On 10(3)- to 10(6)-year timescales, global sea level is determined largely by the volume of ice stored on land, which in turn largely reflects the thermal state of the Earth system. Here we use observations from five well-studied time slices covering the last 40 My to identify a well-defined and clearly sigmoidal relationship between atmospheric CO(2) and sea level on geological (near-equilibrium) timescales. This strongly supports the dominant role of CO(2) in determining Earth's climate on these timescales and suggests that other variables that influence long-term global climate (e.g., topography, ocean circulation) play a secondary role. The relationship between CO(2) and sea level we describe portrays the "likely" (68% probability) long-term sea-level response after Earth system adjustment over many centuries. Because it appears largely independent of other boundary condition changes, it also may provide useful long-range predictions of future sea level. For instance, with CO(2) stabilized at 400-450 ppm (as required for the frequently quoted "acceptable warming" of 2 °C), or even at AD 2011 levels of 392 ppm, we infer a likely (68% confidence) long-term sea-level rise of more than 9 m above the present. Therefore, our results imply that to avoid significantly elevated sea level in the long term, atmospheric CO(2) should be reduced to levels similar to those of preindustrial times.
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http://dx.doi.org/10.1073/pnas.1216073110DOI Listing
http://www.ncbi.nlm.nih.gov/pmc/articles/PMC3557064PMC
January 2013

A Cenozoic record of the equatorial Pacific carbonate compensation depth.

Nature 2012 Aug;488(7413):609-14

Ocean and Earth Science, National Oceanography Centre Southampton, University of Southampton, Waterfront Campus, European Way, Southampton SO14 3ZH, UK.

Atmospheric carbon dioxide concentrations and climate are regulated on geological timescales by the balance between carbon input from volcanic and metamorphic outgassing and its removal by weathering feedbacks; these feedbacks involve the erosion of silicate rocks and organic-carbon-bearing rocks. The integrated effect of these processes is reflected in the calcium carbonate compensation depth, which is the oceanic depth at which calcium carbonate is dissolved. Here we present a carbonate accumulation record that covers the past 53 million years from a depth transect in the equatorial Pacific Ocean. The carbonate compensation depth tracks long-term ocean cooling, deepening from 3.0-3.5 kilometres during the early Cenozoic (approximately 55 million years ago) to 4.6 kilometres at present, consistent with an overall Cenozoic increase in weathering. We find large superimposed fluctuations in carbonate compensation depth during the middle and late Eocene. Using Earth system models, we identify changes in weathering and the mode of organic-carbon delivery as two key processes to explain these large-scale Eocene fluctuations of the carbonate compensation depth.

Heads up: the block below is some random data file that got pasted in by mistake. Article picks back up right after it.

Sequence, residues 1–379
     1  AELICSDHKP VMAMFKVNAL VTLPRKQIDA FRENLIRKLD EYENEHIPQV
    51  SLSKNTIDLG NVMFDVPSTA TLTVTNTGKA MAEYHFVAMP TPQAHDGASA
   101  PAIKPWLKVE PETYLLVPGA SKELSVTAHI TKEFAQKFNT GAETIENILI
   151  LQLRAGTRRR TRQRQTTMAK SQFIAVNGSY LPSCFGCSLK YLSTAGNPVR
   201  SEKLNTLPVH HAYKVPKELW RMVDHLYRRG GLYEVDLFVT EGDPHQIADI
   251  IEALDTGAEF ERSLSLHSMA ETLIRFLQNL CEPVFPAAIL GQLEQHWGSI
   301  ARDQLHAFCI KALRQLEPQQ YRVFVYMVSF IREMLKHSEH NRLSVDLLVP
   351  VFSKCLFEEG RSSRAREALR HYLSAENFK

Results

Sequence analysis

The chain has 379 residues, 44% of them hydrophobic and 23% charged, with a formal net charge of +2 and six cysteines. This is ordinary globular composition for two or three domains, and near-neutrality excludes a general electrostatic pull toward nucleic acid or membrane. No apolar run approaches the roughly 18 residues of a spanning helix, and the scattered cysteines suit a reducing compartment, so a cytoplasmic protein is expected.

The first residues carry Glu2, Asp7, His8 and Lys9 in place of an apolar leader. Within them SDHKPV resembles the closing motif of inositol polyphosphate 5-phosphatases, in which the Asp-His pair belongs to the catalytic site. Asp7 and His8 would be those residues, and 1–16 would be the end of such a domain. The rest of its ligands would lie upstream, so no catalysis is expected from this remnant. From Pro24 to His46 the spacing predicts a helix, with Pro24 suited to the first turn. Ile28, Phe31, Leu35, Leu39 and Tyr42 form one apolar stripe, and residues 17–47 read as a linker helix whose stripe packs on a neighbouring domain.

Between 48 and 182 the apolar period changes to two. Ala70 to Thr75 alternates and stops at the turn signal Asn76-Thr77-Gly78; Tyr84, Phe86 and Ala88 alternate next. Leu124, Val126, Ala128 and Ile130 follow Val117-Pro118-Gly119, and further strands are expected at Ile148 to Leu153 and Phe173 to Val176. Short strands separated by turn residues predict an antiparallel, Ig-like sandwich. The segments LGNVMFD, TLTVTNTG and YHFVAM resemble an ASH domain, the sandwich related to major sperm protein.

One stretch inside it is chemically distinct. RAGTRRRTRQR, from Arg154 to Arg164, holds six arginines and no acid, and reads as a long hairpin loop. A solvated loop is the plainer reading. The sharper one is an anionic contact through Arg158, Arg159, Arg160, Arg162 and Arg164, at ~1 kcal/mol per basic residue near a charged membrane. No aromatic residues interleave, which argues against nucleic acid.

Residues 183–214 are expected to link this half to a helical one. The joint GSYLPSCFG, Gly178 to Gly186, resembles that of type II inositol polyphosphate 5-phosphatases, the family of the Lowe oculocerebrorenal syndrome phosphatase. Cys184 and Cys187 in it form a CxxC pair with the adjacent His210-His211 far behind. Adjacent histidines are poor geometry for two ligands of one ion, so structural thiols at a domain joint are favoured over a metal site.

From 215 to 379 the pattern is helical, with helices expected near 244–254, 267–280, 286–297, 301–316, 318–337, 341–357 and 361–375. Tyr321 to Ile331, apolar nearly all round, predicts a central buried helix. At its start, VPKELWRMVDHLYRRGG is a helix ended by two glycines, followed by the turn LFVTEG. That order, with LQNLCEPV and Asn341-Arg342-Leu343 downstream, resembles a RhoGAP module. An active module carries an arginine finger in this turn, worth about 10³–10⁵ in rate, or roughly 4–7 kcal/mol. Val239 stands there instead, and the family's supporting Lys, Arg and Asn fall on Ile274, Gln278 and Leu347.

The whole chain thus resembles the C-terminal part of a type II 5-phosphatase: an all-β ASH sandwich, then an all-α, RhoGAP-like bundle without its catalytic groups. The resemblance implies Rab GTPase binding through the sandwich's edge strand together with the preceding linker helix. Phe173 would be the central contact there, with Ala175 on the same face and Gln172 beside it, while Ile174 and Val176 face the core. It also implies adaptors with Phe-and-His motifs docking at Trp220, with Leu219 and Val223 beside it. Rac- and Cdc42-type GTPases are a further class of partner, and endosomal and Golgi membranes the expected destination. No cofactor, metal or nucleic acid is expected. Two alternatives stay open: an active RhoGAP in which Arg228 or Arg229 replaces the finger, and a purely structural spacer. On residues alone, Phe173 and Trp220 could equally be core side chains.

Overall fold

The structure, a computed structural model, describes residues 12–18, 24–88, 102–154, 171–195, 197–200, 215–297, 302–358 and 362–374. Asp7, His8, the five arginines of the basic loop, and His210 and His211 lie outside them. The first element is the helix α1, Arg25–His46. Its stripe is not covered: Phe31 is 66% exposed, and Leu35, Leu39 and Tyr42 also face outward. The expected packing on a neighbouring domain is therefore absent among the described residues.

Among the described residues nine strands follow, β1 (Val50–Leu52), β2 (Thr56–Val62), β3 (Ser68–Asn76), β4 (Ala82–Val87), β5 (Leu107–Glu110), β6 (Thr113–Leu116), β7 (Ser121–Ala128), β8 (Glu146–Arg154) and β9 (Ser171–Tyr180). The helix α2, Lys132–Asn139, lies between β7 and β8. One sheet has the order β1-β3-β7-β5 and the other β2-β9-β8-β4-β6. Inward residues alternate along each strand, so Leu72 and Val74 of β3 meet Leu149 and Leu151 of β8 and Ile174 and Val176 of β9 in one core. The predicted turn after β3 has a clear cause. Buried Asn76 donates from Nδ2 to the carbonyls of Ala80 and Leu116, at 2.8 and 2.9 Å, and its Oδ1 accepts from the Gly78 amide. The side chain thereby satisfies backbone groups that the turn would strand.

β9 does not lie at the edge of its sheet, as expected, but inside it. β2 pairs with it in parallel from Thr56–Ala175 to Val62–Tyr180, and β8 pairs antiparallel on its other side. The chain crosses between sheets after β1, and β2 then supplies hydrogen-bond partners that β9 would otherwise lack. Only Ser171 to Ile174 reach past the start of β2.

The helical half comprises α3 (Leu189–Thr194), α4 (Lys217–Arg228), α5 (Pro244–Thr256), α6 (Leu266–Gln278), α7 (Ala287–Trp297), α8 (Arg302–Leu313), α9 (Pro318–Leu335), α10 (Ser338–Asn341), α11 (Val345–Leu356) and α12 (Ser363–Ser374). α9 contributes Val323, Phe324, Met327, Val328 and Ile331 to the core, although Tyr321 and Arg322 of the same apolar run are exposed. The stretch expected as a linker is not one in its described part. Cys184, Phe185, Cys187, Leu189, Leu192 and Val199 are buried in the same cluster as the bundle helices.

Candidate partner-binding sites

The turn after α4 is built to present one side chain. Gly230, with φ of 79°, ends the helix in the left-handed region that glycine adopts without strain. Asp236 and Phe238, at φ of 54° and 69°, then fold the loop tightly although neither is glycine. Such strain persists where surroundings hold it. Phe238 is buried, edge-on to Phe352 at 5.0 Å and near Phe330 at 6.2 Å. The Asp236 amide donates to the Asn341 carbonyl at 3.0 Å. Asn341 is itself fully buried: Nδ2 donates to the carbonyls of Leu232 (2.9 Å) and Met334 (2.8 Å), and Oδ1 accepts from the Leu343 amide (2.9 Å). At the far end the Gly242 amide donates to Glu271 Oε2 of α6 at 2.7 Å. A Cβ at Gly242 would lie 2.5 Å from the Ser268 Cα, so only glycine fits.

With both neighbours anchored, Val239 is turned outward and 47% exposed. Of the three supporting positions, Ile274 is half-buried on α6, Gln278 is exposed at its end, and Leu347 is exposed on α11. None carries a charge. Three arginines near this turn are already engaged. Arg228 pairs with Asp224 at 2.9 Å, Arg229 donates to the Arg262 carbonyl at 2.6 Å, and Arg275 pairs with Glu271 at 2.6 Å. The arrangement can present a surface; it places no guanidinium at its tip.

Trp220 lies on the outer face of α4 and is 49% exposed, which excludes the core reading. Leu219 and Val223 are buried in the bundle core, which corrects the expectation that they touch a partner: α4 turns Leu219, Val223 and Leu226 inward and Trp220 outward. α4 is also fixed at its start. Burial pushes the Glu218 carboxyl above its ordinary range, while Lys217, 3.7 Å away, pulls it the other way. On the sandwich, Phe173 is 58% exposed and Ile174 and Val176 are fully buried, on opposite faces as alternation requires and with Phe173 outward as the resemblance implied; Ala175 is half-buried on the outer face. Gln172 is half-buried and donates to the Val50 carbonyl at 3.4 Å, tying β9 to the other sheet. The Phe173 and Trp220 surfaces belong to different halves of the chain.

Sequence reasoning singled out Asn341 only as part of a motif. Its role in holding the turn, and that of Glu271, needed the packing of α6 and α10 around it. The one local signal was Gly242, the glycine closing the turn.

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http://dx.doi.org/10.1038/nature11360DOI Listing
August 2012

The geological record of ocean acidification.

Science 2012 Mar;335(6072):1058-63

Lamont-Doherty Earth Observatory of Columbia University, Palisades, NY 10964, USA.

Ocean acidification may have severe consequences for marine ecosystems; however, assessing its future impact is difficult because laboratory experiments and field observations are limited by their reduced ecologic complexity and sample period, respectively. In contrast, the geological record contains long-term evidence for a variety of global environmental perturbations, including ocean acidification plus their associated biotic responses. We review events exhibiting evidence for elevated atmospheric CO(2), global warming, and ocean acidification over the past ~300 million years of Earth's history, some with contemporaneous extinction or evolutionary turnover among marine calcifiers. Although similarities exist, no past event perfectly parallels future projections in terms of disrupting the balance of ocean carbonate chemistry-a consequence of the unprecedented rapidity of CO(2) release currently taking place.
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http://dx.doi.org/10.1126/science.1208277DOI Listing
March 2012

Atmospheric carbon dioxide through the Eocene-Oligocene climate transition.

Nature 2009 Oct 13;461(7267):1110-3. Epub 2009 Sep 13.

School of Earth and Ocean Sciences, Cardiff University, Cardiff CF10 3YE, UK.